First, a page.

# Is an ideal finitely generated if its radical is finitely generated?

Let $$R$$ be a commutative ring. If $$R$$ is not Noetherian, we can ask if some some ideals is finitely generated. For examples:

• Is intersection of finitely generated ideals finitely generated? No, see for instance here.

• Is radical $$\sqrt{I}=\{x \in R \mid x^n \in I \text{ for some } n\ge 1\}$$ of a finitely generated ideal $$I$$ finitely generated? No, see for instance here.

In the light of the previous two (sets of) counter-examples, I believe that claim

• If $$\sqrt{I}$$ is finitely generated, then $$I$$ is also finitely generated,

is also false, but I wasn't able to construct a counter-example. It would be interesting for me to see counter-examples of various nature.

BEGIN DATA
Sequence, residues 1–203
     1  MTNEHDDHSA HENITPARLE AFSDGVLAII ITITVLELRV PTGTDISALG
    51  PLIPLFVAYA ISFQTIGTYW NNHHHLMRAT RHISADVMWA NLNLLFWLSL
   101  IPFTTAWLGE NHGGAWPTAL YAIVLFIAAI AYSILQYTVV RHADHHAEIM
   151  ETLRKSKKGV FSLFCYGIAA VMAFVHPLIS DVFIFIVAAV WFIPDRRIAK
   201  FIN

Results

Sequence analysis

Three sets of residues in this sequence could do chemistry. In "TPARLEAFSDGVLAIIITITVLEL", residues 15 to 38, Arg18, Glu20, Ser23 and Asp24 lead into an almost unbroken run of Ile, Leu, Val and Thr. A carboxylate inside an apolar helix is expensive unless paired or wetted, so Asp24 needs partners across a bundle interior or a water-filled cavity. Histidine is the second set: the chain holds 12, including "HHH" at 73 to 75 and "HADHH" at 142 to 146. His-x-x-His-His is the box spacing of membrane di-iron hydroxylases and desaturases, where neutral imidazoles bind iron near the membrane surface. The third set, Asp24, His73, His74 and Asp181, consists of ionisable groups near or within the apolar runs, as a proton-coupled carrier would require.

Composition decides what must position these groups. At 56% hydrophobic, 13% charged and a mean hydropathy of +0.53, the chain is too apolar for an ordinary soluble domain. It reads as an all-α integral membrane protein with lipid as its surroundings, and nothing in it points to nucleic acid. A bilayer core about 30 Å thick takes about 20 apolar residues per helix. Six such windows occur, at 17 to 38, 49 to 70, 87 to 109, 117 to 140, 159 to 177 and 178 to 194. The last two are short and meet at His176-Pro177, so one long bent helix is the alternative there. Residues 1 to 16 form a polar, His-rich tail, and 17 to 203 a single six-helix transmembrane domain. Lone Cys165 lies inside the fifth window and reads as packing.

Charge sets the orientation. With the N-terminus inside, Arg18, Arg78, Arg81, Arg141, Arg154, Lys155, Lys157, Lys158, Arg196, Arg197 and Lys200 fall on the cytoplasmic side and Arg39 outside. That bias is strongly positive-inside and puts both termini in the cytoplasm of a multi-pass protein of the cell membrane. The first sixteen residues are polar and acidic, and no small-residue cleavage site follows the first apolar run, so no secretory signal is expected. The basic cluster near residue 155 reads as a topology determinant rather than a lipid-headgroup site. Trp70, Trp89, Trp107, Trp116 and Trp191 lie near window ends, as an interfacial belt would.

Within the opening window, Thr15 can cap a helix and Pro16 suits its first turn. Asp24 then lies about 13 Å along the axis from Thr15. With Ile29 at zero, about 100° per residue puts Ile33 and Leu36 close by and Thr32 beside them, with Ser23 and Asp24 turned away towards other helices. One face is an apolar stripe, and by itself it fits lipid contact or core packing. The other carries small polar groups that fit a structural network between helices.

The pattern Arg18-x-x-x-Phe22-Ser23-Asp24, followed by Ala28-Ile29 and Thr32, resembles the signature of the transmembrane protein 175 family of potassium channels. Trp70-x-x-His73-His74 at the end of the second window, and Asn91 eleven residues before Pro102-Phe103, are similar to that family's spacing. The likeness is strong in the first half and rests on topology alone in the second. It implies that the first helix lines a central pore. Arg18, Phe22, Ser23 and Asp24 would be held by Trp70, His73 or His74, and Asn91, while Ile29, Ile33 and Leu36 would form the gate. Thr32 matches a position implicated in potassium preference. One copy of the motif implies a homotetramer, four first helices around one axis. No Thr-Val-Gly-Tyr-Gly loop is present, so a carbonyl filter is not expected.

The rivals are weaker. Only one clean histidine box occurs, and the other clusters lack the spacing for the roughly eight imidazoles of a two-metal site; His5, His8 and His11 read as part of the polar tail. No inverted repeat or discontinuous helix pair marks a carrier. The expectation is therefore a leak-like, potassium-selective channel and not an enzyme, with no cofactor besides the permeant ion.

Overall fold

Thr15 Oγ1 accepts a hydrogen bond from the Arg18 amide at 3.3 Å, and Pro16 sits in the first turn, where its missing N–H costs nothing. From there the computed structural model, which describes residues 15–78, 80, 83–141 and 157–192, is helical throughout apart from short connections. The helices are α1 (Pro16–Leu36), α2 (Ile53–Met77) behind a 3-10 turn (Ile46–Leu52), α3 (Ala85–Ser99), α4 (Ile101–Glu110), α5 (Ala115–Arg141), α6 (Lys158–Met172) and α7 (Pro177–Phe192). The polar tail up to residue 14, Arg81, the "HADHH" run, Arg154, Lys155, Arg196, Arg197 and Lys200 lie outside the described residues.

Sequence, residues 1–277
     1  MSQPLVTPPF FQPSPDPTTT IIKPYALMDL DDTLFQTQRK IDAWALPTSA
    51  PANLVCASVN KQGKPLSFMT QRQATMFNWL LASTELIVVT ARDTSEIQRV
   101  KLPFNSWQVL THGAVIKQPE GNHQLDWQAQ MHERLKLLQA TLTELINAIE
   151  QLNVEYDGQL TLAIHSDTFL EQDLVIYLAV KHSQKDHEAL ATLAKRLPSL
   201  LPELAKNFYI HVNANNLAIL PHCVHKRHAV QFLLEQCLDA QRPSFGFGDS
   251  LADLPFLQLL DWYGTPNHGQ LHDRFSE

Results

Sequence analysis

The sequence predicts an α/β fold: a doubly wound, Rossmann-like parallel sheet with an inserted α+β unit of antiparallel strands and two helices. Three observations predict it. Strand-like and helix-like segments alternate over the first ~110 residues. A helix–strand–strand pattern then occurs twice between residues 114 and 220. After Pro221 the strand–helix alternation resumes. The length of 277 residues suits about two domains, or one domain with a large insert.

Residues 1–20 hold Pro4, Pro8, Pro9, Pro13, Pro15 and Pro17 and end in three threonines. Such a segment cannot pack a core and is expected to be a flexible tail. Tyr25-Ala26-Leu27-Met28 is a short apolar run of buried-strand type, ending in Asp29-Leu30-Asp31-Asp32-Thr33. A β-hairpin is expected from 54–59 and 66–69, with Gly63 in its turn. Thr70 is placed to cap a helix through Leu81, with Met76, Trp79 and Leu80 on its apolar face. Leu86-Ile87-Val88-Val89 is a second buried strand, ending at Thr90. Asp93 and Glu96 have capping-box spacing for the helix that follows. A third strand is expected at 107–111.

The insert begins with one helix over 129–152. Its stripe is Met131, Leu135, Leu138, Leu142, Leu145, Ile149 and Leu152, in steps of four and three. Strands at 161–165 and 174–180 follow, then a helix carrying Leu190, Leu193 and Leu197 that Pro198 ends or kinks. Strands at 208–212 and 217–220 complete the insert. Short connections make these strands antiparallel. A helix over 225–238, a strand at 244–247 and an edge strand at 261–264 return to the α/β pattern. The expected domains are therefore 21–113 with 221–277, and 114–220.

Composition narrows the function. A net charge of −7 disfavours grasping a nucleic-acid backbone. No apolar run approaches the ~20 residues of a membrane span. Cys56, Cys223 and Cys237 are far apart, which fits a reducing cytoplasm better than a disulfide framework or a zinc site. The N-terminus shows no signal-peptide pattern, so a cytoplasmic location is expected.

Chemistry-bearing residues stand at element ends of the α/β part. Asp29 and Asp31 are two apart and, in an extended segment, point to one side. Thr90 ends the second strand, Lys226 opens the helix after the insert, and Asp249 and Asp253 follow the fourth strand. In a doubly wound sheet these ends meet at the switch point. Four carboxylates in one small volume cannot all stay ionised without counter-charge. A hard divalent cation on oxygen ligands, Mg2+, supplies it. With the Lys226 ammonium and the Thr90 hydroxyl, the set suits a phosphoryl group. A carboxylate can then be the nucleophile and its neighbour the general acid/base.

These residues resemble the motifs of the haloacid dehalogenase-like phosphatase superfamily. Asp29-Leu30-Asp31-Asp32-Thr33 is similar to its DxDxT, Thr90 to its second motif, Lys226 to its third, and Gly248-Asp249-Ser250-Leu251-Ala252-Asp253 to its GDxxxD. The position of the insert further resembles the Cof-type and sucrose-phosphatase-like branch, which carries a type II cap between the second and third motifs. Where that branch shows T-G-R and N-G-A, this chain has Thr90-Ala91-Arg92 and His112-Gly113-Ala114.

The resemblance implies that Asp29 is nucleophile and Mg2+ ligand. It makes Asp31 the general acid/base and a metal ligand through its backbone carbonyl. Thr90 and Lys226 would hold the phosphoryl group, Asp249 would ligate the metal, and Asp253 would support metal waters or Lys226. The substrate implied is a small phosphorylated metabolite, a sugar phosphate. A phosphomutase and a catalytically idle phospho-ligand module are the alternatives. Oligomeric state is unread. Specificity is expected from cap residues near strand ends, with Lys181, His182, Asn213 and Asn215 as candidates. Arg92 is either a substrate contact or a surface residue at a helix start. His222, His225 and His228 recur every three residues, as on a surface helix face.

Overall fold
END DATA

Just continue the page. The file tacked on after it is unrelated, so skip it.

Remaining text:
The ideal $$I=(x^2,xy_1,xy_2,xy_3,\ldots)$$ of $$\Bbb{Q}[x,y_1,y_2,y_3,\ldots]$$ is not finitely generated, its radical is $$(x)$$.
(it is immediate that $$I\subset (x), (x)\subset \sqrt{I}$$ and $$\sqrt{(x)}=(x)$$ so $$\sqrt{I}=(x)$$)
Consider $$A$$ a reduced ring and let $$M$$ be a finitely generated $$A$$-module with a non-finitely generated submodule (namely, you may take $$M=A$$ and $$A$$ a reduced non-Noetherian ring). Call $$R=A\boxed\times M$$ the ring having support the set $$A\times M$$ and operations $$(a,m)+(b,n)=(a+b,m+n)$$ and $$(a,m)\cdot(b,n)=(ab,an+bm)$$. Let's identify $$M=\{0\}\times M$$ and $$A=A\times \{0\}$$. Notice that $$(a,m)^k=(a^k,\text{stuff})$$ and therefore $$\sqrt{0}\subseteq M$$. Also, $$(0,n)(0,m)=(0,0)$$, therefore $$\sqrt 0\supseteq M$$. $$R$$ acts by ring multiplication on subsets of $$M$$ essentially like $$A$$ acts by $$A$$-module action, since $$(a,m)(0,n)=(0,an)$$. Therefore, any non-finitely generated $$A$$-submodule $$N$$ of $$M$$ turns into a non-finitely generated ideal of $$R$$ such that $$\sqrt N=M$$ is finitely generated.